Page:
him to his Orthodox synagogue in downtown
Budapest. It wasnt a popular decision, the
rabbi says. Many people werent happy.
Some of them walked out in protest when
Csand entered.
Szegedi wasnt all that happy being there,
either. He felt like a cornered animal with nowhere to hide. When I put the kippa on my
head for the first time, I felt it was burning
into my scalp, he says, somewhat melodramatically. It was giving me a headache.
Yet, he persisted. Perhaps subconsciously,
having been ostracized in one tightly knit
social circle, he was now seeking to anchor
himself in another so as to avail himself of
the comforting certainties of a newfound
identity that he had not wanted but now began to embrace just the same. His detractors,
who included both Jews and right-wing nationalists, accused him of trying to pull off a
brazen publicity stunt to save his political career by conspicuously metamorphosing from
loudmouth anti-Semite into repentant Jew.
Oberlander, too, was initially skeptical
of Szegedis sincerity. I prayed Id made
the right decision by helping him, the
Lubavitcher says. I prayed he wouldnt disappoint me.
So far, he hasnt. In 2013, Szegedi had his
bar mitzvah in the company of several ultraOrthodox rabbis at Oberlanders residence.
The erstwhile anti-Semite chose the Jewish
name Dovid for himself, and soon he also
had his brit mila, at the hands of an ultraOrthodox mohel. I felt elated, Szegedi
says. I was the first person in my family to
have had it since my grandfather, who was
born in 1902.
He began to keep Shabbat and kosher albeit both after a fashion. On the side, he repaired his great-grandmothers tomb, which

Next, he flew to Israel, where he says he


was overwhelmed by the can-do spirit of Israelis.
Theyve built a country from scratch!
he enthuses. You ride down this busy eightlane highway in a place where until recently there was nothing but sand. In Hungary,
you have to wait years for a new road to be
built, and its usually a measly little two-lane
thing.
Szegedis wife, who isnt Jewish, has been
fully supportive and is in the process of converting to Judaism. The couple is considering

making aliyah with their two children.


His father, though, took rather more convincing to accept his sons embrace of his
Jewish roots. A well-known artisan and
woodcarver, Mikls Szegedi comes from a
long line of ethnic Magyars and inculcated
his dislike of Jews into his two sons from an
early age. My father was how should we
put it?... skeptical of Jews, his son explains.
To allay his fathers misgivings, Csand
decided to take Mikls on a visit to Israel, a
country that Szegedi pre had never fancied
much. On the plane, Csand put on his kippa
and turned to his father, teasing his old man,
Dad, from now on please call me Dovid.
And did I tell you Ive had my circumcision? Szegedi chuckles at the memory. My
father found it hard to come to terms with
[the new me], he says. He felt he had lost
his son.
The older Szegedi has since reconciled
himself to his sons newly minted identity,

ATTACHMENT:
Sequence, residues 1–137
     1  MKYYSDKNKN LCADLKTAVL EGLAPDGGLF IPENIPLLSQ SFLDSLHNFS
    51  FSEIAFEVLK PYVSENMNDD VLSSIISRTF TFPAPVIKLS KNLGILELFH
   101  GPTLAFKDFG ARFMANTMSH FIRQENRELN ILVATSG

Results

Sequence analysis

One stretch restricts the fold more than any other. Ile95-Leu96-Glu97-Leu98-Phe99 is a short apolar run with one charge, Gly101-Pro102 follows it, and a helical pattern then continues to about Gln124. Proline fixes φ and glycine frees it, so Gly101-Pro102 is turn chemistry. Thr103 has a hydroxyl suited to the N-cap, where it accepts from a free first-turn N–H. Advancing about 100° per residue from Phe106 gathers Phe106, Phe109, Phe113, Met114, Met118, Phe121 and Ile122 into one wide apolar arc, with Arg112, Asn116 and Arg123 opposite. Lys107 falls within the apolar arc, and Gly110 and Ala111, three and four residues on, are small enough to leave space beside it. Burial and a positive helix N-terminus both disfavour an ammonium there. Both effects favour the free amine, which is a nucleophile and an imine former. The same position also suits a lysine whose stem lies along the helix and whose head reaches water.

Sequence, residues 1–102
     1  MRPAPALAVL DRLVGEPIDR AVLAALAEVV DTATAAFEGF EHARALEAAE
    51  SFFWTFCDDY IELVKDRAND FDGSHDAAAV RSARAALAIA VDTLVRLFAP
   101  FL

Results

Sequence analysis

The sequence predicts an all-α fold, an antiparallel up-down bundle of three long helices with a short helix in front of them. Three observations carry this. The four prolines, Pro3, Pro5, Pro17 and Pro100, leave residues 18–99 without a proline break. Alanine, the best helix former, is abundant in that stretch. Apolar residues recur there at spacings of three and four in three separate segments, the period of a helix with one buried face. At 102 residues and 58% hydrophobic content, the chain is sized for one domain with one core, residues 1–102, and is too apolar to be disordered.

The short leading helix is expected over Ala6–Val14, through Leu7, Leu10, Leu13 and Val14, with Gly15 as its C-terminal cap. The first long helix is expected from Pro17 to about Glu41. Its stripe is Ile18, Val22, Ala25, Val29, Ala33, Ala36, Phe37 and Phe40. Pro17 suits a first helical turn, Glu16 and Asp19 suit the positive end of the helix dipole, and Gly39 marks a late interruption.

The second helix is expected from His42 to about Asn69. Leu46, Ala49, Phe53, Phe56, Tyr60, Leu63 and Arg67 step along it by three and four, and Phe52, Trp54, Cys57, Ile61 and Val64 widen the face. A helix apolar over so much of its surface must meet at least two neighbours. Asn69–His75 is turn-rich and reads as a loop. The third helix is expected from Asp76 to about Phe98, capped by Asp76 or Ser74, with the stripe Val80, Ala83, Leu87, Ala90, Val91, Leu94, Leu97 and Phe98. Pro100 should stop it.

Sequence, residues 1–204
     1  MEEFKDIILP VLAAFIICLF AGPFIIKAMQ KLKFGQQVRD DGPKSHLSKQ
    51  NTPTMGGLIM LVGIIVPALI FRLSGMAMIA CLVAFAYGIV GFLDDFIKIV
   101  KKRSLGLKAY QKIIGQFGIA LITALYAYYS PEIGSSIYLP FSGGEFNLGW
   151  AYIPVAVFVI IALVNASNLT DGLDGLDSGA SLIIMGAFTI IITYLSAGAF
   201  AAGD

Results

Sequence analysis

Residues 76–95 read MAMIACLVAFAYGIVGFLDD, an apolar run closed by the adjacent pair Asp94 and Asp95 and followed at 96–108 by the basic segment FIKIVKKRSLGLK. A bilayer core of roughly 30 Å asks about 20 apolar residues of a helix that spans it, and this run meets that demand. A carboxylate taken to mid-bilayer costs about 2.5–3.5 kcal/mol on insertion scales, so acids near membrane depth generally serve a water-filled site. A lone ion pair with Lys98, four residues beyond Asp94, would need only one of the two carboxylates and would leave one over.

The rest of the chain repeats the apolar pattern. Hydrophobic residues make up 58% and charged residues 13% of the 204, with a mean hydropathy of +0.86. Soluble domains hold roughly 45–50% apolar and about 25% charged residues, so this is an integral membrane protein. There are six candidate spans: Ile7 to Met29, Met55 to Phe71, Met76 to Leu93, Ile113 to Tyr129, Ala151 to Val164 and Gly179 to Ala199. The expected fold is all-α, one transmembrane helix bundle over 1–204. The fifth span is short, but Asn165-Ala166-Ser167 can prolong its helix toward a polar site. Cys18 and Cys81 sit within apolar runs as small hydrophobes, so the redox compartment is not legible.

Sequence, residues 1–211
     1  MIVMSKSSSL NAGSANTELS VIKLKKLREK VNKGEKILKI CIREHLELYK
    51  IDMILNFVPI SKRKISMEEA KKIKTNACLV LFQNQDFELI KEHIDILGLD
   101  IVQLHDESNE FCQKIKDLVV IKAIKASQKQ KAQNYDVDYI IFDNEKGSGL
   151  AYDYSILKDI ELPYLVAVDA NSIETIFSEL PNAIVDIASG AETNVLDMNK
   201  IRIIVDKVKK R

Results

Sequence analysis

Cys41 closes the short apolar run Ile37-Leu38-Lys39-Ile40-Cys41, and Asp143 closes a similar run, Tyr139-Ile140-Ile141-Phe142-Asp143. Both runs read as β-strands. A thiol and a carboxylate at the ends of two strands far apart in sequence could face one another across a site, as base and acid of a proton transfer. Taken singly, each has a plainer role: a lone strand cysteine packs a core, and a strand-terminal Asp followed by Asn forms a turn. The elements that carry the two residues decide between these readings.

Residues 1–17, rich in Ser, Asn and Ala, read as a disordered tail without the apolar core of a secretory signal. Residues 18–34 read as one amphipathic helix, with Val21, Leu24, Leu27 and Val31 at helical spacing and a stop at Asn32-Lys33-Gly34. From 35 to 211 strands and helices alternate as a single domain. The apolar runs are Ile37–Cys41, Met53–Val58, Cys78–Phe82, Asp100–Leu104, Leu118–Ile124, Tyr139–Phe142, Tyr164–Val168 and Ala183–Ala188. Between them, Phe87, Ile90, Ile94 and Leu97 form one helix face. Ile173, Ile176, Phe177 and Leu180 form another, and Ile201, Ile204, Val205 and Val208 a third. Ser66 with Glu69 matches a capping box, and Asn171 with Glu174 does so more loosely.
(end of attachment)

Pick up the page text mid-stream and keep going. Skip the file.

yet theirs is hardly the only family in Hungary that has found itself discovering Jewish
skeletons in their ostensibly pure Magyar
closets. This Csand case is like a caricature of a common Hungarian story the
parents not telling their kids theyre Jews and
the kids not knowing theyre Jewish until
they somehow find out, Oberlander notes.
I have people calling me regularly, saying
Rabbi, Im Jewish. What should I do?
As if on cue, his phone rings. At the other
end of the call is a man who has just learned
he is Jewish on his fathers side and wants
to know what he should do. See, just like I
said! Oberlander chortles.
As for Szegedi, he insists he has no regrets.
Sure, hes never going to make it in rightwing politics as he once hoped, but hes had
a new world open up to him.
As a far-right politician I used to see
the world in black and white, he explains.
Now, I can see the colors. When you discover youre Jewish, you discover a whole new
world Jewish religion, Jewish literature,
Jewish culture.
On the downside, hes also discovered that
he stands no chance of joining the global
Jewish conspiracy he once believed lent Jews
immense financial and political power.
I am sorrowfully experiencing that I was
wrong and Jews dont, in fact, control the
world, Szegedi says and laughs. 

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31

had languished forgotten and neglected in a


Jewish cemetery.
Theres a concept in Judaism called teshuva [repentance], Oberlander explains.
Theres no question that Csand has a real
interest in making amends and becoming a
better person.
During a visit to Auschwitz, where he
travelled to see the death camp for himself,
Szegedi realized that the site where the crematoria had once stood was the closest he
would ever get to a proper resting place for
his grandfathers two murdered children,
who were around the same age when they
were gassed as his own two sons, five and
eight, are today. He also realized that the horrific stories about the death camp, which he
had previously dismissed as tall tales, were,
in fact, true.

He was a broken
person. Id never met
someone so lost. His
whole identity, his
whole being had been
shattered to pieces.
Imagine spending your
life denigrating a family,
then having to learn
that youre a member
of that same family